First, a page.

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There have been numerous papers over the last few years that have
been concerned with sequences of integers for which `Kummer-type' Theorems,
or `Lucas-type' Theorems or `Wolstenholme-type' Theorems hold.
One nice example is the * Apéry numbers*,
which were introduced in Apéry's proof of the irrationality of .
At first, a few seemingly surprising congruences were found for these numbers,
but in 1982, Gessel [7] showed that these were
all consequences of the fact that the Apéry numbers satisfy
`Lucas--type' and `Wolstenholme--type' Theorems
(that is and for all and primes ).
R. McIntosh has asked whether a non--trivial sequence of integers,
satisfying a `Lucas--type' Theorem, can grow slower than ?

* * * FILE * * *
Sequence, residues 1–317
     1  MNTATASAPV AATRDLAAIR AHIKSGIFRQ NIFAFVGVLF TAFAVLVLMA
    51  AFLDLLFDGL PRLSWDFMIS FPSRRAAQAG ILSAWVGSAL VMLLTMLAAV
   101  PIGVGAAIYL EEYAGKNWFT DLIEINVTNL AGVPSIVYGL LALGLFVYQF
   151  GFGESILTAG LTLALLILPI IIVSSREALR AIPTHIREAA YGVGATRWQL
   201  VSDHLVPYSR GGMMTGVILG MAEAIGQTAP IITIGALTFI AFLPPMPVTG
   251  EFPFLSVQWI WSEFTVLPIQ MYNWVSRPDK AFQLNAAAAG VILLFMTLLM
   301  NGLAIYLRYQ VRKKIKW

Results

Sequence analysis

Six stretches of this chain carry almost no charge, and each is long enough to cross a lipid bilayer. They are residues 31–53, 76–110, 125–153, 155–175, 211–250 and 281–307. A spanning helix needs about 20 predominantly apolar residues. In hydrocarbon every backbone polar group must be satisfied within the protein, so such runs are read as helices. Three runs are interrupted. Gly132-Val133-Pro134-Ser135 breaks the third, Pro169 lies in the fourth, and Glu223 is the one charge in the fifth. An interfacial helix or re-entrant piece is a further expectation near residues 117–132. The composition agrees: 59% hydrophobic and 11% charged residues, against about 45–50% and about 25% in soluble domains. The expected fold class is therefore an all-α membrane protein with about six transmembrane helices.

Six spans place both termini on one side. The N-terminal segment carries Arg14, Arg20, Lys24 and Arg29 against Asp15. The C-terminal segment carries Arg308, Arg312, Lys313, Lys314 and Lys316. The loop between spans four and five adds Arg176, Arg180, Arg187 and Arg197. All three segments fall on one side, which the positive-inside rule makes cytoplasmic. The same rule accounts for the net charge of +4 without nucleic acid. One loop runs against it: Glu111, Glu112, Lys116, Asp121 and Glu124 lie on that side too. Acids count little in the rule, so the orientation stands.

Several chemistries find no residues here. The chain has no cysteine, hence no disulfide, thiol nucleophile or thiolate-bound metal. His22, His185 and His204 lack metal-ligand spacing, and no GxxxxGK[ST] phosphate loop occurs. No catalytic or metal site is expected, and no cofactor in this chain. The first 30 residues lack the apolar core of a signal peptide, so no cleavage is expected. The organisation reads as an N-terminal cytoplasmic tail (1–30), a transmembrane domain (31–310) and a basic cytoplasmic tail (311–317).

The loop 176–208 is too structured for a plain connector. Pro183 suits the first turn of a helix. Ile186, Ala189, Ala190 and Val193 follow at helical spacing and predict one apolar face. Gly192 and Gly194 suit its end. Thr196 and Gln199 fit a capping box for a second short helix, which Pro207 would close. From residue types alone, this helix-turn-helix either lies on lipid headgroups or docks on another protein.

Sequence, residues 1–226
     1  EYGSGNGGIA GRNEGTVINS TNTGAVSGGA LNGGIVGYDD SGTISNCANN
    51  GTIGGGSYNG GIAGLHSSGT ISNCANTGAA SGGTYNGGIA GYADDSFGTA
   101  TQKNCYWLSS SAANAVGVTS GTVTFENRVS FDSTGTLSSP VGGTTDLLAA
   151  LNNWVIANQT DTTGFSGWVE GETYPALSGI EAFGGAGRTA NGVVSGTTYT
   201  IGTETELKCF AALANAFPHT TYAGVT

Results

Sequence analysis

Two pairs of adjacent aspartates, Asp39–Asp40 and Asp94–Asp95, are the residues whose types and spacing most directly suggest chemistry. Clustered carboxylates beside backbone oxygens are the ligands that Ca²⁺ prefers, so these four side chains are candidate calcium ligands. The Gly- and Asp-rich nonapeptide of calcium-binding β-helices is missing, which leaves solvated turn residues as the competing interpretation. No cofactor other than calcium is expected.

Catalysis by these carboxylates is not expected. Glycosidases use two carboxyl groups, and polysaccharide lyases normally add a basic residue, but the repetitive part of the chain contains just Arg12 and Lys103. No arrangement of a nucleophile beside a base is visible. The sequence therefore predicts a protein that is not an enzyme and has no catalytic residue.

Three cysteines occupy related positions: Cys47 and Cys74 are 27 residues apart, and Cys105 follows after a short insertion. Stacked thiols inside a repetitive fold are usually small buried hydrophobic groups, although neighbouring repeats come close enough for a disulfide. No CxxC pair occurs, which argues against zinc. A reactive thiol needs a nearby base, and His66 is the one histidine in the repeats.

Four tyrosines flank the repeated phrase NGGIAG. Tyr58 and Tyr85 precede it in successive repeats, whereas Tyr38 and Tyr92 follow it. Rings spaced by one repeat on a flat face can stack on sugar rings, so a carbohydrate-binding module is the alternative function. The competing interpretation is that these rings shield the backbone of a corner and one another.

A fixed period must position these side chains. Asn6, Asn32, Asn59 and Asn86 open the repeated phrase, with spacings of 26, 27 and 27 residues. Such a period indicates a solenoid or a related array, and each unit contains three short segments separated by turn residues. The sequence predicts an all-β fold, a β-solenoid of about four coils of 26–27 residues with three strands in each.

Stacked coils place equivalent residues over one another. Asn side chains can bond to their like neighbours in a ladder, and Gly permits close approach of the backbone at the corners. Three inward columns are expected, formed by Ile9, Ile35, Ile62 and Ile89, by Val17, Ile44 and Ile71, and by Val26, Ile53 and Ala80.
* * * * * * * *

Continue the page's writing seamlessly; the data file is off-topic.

Given a sequence of integers, one
can generalize the notion of factorials and binomial coefficients by taking
and
,
and ask what power of a prime **p** divides
, and also for the value of .
The first of these questions is attacked systematically in [12].
A nice example was given by Fray [6], who proved
`Kummer--type' and `Lucas--type' Theorems for the
sequence of `**q**--binomial coefficients' (where each ).
There are a number of questions that have received a lot of
attention in the literature which do not concern us here. Many require
straightforward manipulations of some of the results given here (for instance,
how many entries of a given row of Pascal's triangle are not divisible by **p**),
others easy
generalizations (for instance to multinomial coefficients --- most results
in that area follow immediately from the fact that multinomial coefficients
can be expressed as a product of binomial coefficients). People have also
investigated the density of entries in Pascal's triangle divisible by
any given integer **n**
(and various connections therein to fractals and cellular automata).
For these questions, and some others that are
not covered here, the reader should look at [2], [19] and [20].

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